THE LISTENER

Don’t you love it when you can’t wait to get back to the book you are reading? This seems to happen less and less to me. A notable exception is THE LISTENER, a novel by Rachel Basch. The story features a psychologist and his circle of family and friends. The setting is a college campus in a New England town. It is about intimacy in many permutations…between therapist and client, father and daughters, mother and son, friends, colleagues…and about secrets…and about identities, both public and private. Sexual and gender identities are at the heart of some of the relationships. This is a “talky” book – appealing to readers who like to consider the psychological aspects of life. And like life, it ends in mid-process with no clear-cut conclusion. Skillfully drawn characters trying to know each other and find ways to connect make this a memorable read.

WEST OF SUNSET

Can’t get enough of Scott & Zelda? STEWART O’NAN has taken a piece of literary and film history and crafted a biographical novel of F. Scott Fitzgerald’s final years. WEST OF SUNSET has Fitzgerald trying to make money writing screenplays in the era of Humphrey Bogart, Joan Crawford, Ernest Hemingway, and Dorothy Parker. The bit players in this drama are famous with famously indulgent and often counter-productive life styles. It’s 1937…MGM dominates, war is on the horizon, Zelda is institutionalized, Scottie is about to enter college, and Scott is broke, alcoholic, and very much in love with Sheilah Graham.  O’Nan captures the temptations, frustrations, nostalgia, and desperation, as Fitzgerald tries to hold everything together. The legend does not yet exist. Dignity is slippery, a veneer applied to the legend only after Fitzgerald’s early death.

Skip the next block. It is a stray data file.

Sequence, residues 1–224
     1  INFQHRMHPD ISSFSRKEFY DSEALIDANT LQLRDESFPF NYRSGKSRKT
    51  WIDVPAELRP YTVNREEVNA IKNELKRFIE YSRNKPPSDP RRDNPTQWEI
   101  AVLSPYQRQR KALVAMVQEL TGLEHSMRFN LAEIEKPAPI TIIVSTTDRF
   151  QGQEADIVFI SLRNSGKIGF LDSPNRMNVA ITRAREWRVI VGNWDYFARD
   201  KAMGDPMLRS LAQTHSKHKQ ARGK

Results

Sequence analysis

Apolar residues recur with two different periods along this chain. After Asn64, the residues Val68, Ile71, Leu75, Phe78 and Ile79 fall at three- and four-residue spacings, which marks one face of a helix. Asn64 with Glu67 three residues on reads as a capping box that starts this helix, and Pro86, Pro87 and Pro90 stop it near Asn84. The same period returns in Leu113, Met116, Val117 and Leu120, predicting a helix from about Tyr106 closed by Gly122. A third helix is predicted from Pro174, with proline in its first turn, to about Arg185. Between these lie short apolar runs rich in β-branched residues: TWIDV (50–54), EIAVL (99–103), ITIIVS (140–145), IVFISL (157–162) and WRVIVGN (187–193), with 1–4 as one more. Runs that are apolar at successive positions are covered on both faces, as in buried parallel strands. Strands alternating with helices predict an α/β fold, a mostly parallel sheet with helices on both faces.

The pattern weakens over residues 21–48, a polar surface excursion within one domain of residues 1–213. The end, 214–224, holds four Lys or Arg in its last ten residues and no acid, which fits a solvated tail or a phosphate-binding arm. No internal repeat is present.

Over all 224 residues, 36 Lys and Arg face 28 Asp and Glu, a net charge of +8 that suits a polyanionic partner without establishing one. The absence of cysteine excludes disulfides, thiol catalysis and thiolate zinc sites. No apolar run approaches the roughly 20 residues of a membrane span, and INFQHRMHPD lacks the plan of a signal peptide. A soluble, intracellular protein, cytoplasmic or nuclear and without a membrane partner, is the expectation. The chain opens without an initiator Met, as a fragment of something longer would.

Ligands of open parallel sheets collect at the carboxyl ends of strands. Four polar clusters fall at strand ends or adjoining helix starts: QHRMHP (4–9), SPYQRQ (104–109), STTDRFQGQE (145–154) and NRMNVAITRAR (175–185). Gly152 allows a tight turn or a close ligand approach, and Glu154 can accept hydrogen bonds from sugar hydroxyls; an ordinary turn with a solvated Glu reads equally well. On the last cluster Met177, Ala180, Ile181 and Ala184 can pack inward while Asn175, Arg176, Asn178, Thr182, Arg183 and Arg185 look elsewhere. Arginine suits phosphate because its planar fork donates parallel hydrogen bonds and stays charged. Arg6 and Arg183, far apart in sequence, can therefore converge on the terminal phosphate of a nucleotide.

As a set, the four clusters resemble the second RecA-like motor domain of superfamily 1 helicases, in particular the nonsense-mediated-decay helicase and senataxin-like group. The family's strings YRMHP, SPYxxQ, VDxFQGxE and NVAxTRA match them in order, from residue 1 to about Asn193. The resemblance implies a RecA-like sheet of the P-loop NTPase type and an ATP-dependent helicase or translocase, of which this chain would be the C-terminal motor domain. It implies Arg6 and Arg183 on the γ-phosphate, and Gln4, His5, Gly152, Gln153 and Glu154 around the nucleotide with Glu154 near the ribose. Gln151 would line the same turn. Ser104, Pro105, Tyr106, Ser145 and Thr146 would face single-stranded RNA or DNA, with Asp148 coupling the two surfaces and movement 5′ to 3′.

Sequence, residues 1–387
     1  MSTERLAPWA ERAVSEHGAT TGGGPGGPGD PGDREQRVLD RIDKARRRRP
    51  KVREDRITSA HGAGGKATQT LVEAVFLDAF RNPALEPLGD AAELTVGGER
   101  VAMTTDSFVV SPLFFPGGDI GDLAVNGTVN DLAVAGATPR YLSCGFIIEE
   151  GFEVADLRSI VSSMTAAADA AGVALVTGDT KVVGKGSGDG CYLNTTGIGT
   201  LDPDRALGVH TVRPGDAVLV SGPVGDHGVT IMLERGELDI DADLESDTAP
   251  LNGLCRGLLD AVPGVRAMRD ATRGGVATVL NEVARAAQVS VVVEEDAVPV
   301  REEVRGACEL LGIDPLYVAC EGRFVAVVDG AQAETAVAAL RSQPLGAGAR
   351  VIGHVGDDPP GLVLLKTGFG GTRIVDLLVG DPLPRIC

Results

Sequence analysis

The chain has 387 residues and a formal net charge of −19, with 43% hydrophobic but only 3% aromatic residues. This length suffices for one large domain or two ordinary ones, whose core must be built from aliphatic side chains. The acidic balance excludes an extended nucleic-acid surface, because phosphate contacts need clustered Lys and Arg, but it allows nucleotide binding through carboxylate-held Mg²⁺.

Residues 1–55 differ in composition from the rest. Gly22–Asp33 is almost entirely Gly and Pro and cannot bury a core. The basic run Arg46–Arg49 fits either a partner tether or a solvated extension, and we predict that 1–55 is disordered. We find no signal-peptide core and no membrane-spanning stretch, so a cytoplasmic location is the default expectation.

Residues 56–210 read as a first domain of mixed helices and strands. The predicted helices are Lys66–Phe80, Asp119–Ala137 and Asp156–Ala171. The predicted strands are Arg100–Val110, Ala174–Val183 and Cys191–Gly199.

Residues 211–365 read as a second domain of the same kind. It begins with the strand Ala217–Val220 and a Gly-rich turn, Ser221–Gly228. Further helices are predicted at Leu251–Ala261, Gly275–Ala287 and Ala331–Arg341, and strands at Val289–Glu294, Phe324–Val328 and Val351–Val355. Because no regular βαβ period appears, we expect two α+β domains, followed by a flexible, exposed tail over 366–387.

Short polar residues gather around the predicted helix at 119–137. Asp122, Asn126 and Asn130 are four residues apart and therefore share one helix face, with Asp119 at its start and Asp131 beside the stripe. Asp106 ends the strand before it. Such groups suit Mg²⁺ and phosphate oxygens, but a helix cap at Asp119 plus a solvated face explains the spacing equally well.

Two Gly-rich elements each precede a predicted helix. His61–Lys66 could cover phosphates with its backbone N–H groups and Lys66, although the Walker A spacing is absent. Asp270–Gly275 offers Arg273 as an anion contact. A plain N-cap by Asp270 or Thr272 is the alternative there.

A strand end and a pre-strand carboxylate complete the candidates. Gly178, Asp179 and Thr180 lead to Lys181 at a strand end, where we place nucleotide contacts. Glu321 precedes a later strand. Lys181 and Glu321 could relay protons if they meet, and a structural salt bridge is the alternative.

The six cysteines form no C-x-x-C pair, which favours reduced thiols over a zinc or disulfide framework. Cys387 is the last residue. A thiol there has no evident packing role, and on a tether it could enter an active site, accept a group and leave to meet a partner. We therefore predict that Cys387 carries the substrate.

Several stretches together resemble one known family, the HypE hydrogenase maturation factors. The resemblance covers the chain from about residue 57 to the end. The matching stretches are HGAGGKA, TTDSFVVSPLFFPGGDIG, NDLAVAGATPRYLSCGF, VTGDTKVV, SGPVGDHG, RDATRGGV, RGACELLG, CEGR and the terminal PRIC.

O’Nan’s usual perceptive writing amplifies Fitzgerald’s life in the everyday details: The bottles of coke to keep him going with the writing. The hours it takes for a few lines of the scripts. The cynicism of the other writers. The constant frustration of having his scripts rewritten and cancelled. The ambivalence of feelings about Zelda and their past… and about Sheila and their future. The worries about money and how to pay for Scottie’s college. The stashed pints of gin always beckoning.

This novel illuminates a familiar story by getting inside the psyche of a troubled man, his ordinary days made extraordinary by his talent and ultimate achievements.

HERE (a graphic novel)

Graphic novels. That is the “official” term for books in which illustrations predominate, regardless of the genre of the book. Some graphic novels are memoirs, some are fiction, some are non-fiction, and some may be accurately referred to by us old folks as comic books. I have just spent some time with a wonderful graphic novel. HERE by Richard McGuire is the story of a corner of a room and of the events that occurred in that space over hundreds of thousands of years.

Multi-talented, McGuire is a New Yorker contributor, film director, inventor of a line of toys, and a bass-playing band member. HERE recreates the stories of a particular space with careful attention to details of various times, with few words and with subtle connections between the years, eras, and centuries he depicts. Native Americans, colonists, 1920’s rascals, 1950’s family scenes, pre-history, 24th century technology… these are some of the careful, historical (and futuristic) settings – all HERE in the same space, with scenes from different years superimposed on others. Fascinating!

This is a book you might want to own and revisit many times, with new details catching your attention on every visit. It’s a book for browsing and reflection. You could even interject your own version of the stories as they unfold. An opportunity for thoughtful relaxation.  A break from thrillers, super heroes, and the bad news of current events.